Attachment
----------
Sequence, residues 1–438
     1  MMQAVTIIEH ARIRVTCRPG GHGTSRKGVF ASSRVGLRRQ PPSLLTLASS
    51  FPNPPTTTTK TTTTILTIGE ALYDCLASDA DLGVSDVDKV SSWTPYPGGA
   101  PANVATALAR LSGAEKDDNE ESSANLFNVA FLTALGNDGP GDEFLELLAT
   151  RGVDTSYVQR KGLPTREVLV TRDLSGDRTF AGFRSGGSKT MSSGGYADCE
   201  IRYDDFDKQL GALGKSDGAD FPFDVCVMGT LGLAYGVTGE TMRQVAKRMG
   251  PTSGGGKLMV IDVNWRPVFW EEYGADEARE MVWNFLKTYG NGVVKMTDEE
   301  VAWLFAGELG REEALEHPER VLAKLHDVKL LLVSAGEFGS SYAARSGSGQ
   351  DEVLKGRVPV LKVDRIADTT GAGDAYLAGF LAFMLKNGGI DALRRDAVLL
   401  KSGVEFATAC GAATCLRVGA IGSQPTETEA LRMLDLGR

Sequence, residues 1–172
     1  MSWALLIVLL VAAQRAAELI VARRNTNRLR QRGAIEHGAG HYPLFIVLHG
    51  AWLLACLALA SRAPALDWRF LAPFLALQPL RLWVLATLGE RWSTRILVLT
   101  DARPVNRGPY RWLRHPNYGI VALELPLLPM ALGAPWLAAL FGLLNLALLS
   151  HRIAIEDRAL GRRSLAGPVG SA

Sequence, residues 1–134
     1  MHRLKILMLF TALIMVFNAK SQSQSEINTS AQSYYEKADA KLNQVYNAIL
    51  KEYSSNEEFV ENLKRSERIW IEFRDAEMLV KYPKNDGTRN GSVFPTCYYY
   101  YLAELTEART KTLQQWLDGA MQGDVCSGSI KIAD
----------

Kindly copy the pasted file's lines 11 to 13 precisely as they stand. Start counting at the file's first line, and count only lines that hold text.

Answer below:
Sequence, residues 1–172
     1  MSWALLIVLL VAAQRAAELI VARRNTNRLR QRGAIEHGAG HYPLFIVLHG
    51  AWLLACLALA SRAPALDWRF LAPFLALQPL RLWVLATLGE RWSTRILVLT